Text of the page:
Blum: Jin came up with new methods to compute the Hadronic Light-by-Light contribution which allowed us – with colleagues at Brookhaven National Lab, Columbia University, and Nagoya University – to compute it completely for the first time without experimental input. What Jin and I are doing, along with a host of other theorists around the world, is trying to better calculate the value of this magnetic moment from the theory side, so that we can have an even better comparison with the experimental measurements.

Jin: The Standard Model itself has a few parameters, which for most, we know very, very precisely. This includes the masses of the fundamental particles. In principle, as one might imagine, the theory prediction of the Muon g-2 is a very complicated expression just in terms of these numbers. We are not able to do that yet, but maybe soon we can. We expect that if we continue to improve our calculations, and as computers continue to get faster, the last digit determination may become more accurate.

To dig deeper into the science behind the findings, read Blum and Jin’s feature article on the findings in CERN Courier.

Professor Munirul Islam: Celebrating His Life and His Legacy

Dear Colleagues:

I would like to share some thoughts on Munir Islam who recently passed away. Prof. Islam came to UConn in 1967 from a faculty position at Brown University. In the late 1970s there were two particle theorists at UConn, Profs. Kurt Haller and Munir Islam. They set about building an elementary-particle theory program here and garnered the support of then Physics Head Joe Budnick and CLAS Dean Julius Elias. They soon obtained funding for a new Department of Energy initiative to support particle theory in the Department. In 1979 they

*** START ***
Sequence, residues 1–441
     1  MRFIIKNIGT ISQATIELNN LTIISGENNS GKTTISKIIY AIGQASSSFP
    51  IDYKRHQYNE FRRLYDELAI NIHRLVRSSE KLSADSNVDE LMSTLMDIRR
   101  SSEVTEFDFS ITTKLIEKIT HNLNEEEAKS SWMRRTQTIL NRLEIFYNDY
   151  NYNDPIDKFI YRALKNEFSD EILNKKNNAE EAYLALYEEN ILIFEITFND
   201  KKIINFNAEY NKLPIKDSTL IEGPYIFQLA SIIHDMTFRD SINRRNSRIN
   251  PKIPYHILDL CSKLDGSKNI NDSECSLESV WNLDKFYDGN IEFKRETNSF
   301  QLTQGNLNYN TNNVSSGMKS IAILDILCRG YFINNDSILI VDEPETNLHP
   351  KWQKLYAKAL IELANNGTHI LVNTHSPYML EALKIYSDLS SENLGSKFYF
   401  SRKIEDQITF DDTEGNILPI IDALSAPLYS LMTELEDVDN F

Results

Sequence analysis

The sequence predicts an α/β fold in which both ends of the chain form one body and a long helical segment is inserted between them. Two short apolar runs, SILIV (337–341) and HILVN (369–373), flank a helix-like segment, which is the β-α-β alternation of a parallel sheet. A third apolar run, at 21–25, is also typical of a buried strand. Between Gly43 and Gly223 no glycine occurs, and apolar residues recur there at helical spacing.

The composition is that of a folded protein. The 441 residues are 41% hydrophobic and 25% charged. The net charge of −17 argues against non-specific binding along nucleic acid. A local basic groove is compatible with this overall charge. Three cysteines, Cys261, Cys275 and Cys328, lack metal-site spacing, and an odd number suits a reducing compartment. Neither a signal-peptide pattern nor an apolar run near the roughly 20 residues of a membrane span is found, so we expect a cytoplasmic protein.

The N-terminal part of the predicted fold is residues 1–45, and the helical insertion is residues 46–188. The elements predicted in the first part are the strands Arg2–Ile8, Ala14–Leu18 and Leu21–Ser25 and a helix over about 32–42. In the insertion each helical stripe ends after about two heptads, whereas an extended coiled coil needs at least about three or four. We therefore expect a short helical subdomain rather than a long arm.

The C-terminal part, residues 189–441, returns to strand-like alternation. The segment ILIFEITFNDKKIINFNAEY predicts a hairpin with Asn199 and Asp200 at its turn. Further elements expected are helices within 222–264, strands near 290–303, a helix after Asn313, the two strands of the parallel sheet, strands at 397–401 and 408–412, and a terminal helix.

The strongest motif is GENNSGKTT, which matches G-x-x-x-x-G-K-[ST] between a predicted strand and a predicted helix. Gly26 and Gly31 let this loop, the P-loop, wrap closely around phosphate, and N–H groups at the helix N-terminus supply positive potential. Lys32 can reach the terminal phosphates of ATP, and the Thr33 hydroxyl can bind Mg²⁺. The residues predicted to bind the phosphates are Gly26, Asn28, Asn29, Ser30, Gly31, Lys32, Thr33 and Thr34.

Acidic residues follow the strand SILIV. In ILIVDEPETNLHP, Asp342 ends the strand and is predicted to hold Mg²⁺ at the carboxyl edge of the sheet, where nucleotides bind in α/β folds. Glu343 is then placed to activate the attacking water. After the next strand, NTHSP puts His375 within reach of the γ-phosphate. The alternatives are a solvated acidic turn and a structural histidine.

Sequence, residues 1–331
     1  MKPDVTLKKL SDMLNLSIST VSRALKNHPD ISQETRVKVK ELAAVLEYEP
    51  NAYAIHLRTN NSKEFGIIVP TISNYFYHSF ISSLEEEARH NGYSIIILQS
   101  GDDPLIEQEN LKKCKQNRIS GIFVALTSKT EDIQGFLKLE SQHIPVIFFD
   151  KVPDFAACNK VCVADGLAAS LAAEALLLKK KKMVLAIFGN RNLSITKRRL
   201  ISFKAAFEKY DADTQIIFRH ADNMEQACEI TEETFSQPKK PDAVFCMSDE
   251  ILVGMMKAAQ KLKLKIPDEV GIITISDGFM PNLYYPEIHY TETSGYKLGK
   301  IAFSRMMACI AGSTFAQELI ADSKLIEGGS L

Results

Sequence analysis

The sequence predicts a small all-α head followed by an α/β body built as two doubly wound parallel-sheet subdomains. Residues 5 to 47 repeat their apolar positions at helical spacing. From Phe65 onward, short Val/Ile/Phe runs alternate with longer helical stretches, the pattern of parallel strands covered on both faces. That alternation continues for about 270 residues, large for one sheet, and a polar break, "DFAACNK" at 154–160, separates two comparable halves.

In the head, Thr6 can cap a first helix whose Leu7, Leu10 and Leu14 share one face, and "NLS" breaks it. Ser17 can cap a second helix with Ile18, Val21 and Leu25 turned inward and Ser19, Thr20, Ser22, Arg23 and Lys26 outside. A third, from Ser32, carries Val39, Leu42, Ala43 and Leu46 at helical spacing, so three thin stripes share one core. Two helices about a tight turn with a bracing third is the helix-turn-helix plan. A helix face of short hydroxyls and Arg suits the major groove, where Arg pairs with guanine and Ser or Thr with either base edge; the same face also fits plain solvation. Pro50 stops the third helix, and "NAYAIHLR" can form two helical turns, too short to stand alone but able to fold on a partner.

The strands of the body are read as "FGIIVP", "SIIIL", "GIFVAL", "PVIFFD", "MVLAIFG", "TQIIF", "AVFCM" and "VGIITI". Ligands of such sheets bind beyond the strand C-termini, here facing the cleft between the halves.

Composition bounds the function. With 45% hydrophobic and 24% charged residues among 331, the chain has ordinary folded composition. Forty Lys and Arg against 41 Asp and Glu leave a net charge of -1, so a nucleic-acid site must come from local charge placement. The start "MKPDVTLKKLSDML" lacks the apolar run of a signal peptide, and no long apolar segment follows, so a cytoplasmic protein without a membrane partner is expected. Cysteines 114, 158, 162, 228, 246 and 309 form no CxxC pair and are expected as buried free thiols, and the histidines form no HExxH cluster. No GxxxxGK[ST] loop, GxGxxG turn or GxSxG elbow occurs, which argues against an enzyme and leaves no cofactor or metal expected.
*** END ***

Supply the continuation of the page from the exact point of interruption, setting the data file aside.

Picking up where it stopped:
were able to bring me in as an Associate Professor and Mark Swanson as an Assistant Professor. So eager were Kurt and Munir to bring us in, they chose to forego the summer salary that they had been awarded on the DOE grant.  The impact of the DOE grant on the UConn administration was quite far reaching and led to further internal support. Within a few years I had been tenured and promoted to Full and Mark had been tenured and appointed to Associate at our Stamford branch, where he later became an administrator.

After that, Kurt and Munir were able to secure a bridge position with the DOE that would provide five years of support, provided the UConn administration would create a tenure track position for the recipient. This they agreed to do, and so we brought in Daniel Caldi at the Assistant level, who subsequently was appointed Associate with tenure. Dan eventually opted to leave us for SUNY Buffalo, but our particle group was then able to convince the UConn administration to let us keep the position, and we then hired Gerald Dunne. Gerald went up the ladder very quickly to tenured Full professor. The success of our program enabled us subsequently to bring in Alex
Kovner, followed by Tom Blum (both now tenured Full) and current Assistant Luchang Jin. The success and endurance of the particle group for more than forty years now is a testament to the foresight and the unwavering and unabating commitment of Kurt and Munir to it, and it serves as permanent memorial to both of them.